Now that's how you do a celebrity break-up . . .
Emma Thompson has set a real example for love rivals, says Glenda Cooper
'There are some friends," intones Stephen Fry at the beginning of the semi-autobiographical 1992 film Peter's Friends, starring, among others, Emma Thompson and Kenneth Branagh, "you know you will have for the rest of your life. You're welded together by love, trust, respect, loss or – in our case – embarrassment."
Oh dear. While, two decades on, Fry still commands awe as a polymath and actor, clearly his fortune-telling skills weren't up to much. Within three years, Thompson and Branagh, who were at the time the golden couple of British acting and whose performances are two of the film's star turns, had announced that they were separating. And until now, no one had really confirmed why.
In a world of reality TV, celebrity magazines, Twitter break-ups and make-ups, it's hard to think back 18 years, and to the relative silence that accompanied the Branagh-Thompson split.
At the time, they were two of the biggest names in Britain. Known simply as "Ken and Em", their relationship invited comparisons with the glamour of Laurence Olivier and Vivien Leigh. Yet despite whispers of Branagh's "private and complicated" relationship with fellow Brit actor Helena Bonham Carter, and Thompson's subsequent relationship with (her now husband) Greg Wise, no one was any the wiser.
But this week Thompson has finally lifted the lid on what happened with charm and self-deprecation. "[It] is, as Mike Nichols [the director] once said . . . all blood under the bridge. You can't hold on to anything like that," Thompson said. "She's a wonderful woman, Helena."
Thompson and Branagh had met in 1987 when they appeared in a mini-series, Fortunes of War. Belfast-born Branagh was a former comprehensive pupil; Thompson was part of a theatrical dynasty (her mother, Phyllida Law, was a classical actress; her father, Eric, wrote and narrated The Magic Roundabout).
Two years after meeting, they married in a lavish ceremony. They carried on their union into their professional lives.
Even after Thompson was described by the New York Times as an "international success almost overnight" for her role in Howards End (for which she won an Oscar for Best Actress in 1993, and in which Bonham Carter also starred, as Thompson's sister), she returned to acting with Branagh in Much Ado About Nothing.
But cracks were forming. As his wife's star was rising, Branagh was struggling to make a success of his first big-budget film, Mary Shelley's Frankenstein, in which he played Frankenstein and Bonham Carter his fiancée and adoptive sister. It seems that the Ken and Em show was already in trouble – competing schedules, too much time away from each other – even before the affair with Bonham Carter, which is believed to have started on the Frankenstein set in 1994.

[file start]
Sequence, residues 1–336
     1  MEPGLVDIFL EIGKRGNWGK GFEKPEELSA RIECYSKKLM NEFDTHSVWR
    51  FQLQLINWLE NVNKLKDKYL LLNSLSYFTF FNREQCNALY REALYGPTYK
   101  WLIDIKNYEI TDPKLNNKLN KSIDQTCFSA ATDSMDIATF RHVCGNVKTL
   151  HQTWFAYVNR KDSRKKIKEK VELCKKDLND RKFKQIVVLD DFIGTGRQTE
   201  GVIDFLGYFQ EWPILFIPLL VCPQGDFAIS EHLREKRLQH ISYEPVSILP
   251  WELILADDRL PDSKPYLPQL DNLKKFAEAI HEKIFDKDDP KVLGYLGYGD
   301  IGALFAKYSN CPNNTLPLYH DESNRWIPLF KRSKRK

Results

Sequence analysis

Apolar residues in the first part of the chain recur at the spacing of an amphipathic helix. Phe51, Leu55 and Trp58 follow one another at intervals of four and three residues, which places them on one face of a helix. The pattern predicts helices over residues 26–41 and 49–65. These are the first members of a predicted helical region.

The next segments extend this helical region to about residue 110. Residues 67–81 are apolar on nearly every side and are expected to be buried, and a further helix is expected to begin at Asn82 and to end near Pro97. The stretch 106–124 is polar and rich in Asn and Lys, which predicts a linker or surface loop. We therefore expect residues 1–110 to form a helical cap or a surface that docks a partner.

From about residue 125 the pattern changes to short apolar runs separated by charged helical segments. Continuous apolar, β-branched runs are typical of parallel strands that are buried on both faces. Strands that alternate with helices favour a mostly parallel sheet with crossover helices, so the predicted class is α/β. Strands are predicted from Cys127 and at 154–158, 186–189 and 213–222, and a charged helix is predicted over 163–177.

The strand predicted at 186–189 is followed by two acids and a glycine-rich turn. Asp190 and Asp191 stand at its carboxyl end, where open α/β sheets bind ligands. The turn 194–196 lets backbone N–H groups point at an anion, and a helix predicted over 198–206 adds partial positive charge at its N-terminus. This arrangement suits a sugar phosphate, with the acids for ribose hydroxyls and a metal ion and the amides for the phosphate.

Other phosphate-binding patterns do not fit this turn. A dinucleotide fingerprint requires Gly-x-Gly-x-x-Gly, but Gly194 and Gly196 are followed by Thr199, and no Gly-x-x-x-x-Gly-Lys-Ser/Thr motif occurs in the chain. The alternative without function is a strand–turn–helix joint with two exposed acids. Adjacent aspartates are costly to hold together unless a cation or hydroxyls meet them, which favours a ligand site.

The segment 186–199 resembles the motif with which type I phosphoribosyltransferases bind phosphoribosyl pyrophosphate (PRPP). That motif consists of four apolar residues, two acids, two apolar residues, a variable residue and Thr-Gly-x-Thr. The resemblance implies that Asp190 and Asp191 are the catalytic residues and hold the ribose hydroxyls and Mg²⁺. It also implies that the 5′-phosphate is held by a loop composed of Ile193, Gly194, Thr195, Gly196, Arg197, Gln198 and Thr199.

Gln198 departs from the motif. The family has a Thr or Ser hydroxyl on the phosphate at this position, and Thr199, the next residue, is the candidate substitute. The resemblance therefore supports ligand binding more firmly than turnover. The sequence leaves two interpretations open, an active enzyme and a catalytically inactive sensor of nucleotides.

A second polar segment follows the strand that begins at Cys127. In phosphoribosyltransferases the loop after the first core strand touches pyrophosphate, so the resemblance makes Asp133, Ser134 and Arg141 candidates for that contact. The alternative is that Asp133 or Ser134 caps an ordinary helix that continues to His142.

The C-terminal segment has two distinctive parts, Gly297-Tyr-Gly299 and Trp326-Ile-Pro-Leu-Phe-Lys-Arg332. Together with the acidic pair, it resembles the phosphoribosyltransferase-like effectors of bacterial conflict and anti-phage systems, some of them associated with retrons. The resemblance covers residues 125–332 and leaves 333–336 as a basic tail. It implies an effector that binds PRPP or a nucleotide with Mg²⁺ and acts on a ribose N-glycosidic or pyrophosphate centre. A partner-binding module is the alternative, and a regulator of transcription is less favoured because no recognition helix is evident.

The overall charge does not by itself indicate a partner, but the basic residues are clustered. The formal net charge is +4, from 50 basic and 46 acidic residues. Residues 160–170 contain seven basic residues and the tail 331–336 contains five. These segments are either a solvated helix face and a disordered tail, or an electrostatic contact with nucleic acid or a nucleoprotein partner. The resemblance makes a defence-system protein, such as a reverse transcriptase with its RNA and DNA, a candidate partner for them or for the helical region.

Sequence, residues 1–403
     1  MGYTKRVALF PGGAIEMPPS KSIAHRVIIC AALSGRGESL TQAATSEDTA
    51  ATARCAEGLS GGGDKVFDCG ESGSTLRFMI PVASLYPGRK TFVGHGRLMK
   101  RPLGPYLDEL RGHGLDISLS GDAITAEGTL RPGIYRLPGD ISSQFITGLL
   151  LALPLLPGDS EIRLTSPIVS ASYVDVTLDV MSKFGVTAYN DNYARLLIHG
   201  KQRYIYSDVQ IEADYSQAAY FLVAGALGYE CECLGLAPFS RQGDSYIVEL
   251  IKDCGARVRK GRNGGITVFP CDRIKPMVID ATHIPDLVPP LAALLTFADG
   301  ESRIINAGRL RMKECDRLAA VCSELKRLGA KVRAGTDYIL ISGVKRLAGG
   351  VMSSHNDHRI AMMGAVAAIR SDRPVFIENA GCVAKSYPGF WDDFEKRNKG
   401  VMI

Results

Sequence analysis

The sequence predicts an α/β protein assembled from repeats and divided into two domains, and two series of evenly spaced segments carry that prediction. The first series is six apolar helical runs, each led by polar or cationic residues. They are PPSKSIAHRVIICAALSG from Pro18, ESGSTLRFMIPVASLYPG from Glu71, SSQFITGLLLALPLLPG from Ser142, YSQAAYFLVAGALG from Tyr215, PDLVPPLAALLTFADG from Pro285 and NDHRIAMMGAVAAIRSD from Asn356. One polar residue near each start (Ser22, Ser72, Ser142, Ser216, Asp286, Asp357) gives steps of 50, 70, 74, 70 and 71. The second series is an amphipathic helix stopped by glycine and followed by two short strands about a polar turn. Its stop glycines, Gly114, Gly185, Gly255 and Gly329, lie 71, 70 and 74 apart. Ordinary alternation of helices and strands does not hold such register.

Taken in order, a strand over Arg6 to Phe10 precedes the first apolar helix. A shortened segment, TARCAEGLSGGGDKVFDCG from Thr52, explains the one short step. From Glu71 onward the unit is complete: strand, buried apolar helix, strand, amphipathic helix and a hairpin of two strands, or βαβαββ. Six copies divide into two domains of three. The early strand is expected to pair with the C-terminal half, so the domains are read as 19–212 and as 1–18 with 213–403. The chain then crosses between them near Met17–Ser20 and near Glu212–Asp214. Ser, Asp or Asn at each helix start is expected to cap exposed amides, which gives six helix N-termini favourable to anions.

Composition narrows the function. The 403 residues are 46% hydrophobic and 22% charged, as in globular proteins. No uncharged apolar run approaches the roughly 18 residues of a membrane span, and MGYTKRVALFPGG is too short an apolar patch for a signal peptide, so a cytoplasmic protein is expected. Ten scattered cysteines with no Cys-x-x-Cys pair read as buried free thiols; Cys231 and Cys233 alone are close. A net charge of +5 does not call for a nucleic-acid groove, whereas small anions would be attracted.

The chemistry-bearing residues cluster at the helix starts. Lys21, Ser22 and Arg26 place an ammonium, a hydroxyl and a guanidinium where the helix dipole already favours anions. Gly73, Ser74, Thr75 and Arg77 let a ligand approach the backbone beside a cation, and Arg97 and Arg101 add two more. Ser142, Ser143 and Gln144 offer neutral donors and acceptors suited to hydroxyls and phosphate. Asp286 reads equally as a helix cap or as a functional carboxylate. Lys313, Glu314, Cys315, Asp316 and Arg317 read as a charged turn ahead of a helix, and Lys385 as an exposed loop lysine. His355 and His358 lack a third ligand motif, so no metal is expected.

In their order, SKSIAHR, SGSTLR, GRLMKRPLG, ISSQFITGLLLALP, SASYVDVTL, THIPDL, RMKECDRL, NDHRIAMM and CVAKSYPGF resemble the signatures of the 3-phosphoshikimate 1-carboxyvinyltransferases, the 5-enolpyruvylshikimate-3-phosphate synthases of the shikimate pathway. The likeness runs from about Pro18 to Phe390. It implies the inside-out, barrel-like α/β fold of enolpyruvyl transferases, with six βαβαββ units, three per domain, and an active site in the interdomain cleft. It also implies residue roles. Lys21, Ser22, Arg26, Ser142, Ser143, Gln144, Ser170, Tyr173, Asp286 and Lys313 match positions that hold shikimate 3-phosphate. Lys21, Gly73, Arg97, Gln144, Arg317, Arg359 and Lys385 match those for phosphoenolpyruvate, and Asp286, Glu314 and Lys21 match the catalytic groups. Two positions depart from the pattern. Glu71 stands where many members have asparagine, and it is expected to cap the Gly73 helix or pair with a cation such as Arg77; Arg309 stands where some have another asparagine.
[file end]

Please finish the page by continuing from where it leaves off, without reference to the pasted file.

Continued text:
And yet the split would prove a miracle for Thompson's professional and private life, transforming her from London luvvie to UK national treasure.
On set, she also found a new husband in the handsome Greg Wise; nearly 20 years later they are still going strong.
Bonham Carter is in a long-term relationship with Tim Burton, while Branagh married Lindsay Brunnock, an art director, in 2003.
Now, she can even joke about it. Asked whether the situation had not been tricky because the two actresses seem quite similar, she replied: "Oh we are. Being slightly mad and a bit fashion-challenged. Perhaps that's why Ken loved us both . . . Helena and I made our peace years and years ago."
Of course, for most mortals, waiting 18 years to say anything about the break-up of a marriage – and then being generous about it – seems an impossible challenge.
Who can blame Jennifer Aniston for taking to Vanity Fair and US Vogue to make clear her hurt and betrayal after Brad Pitt left her for Angelina Jolie? (Aniston lambasted her former husband as lacking a "sensitivity chip").
Jo Wood was humiliated by her Rolling Stone husband Ronnie – keeping him sober only to see him start a relationship with a 19-year-old when he was in his sixties – and promptly sold her story about him spending the kids' school fees on a Rolex.
But however delicious revenge might seem at the time, who suffers in the end?
The problem is that you end up being forever linked to the ex you grew to loathe. It can even damage your professional life – French president François Hollande's credibility has not fully recovered since late last year, when he found himself in the middle of a furious row on Twitter (where else?) between his partner Valérie Trierweiler and his ex, Ségolène Royal.
While for most it would be unthinkable to utter the words "wonderful woman" for the Other Woman, for those who can't face the Thompson decision to button it, think only of these two words: Vicky Pryce.
Her attempts to seek revenge on her husband Chris Huhne and his new lover Carina Trimingham ended up with both Pryce and Huhne disgraced and in prison.
Now that sounds like the beginning of an Oscar-winning screenplay – eh, Emma?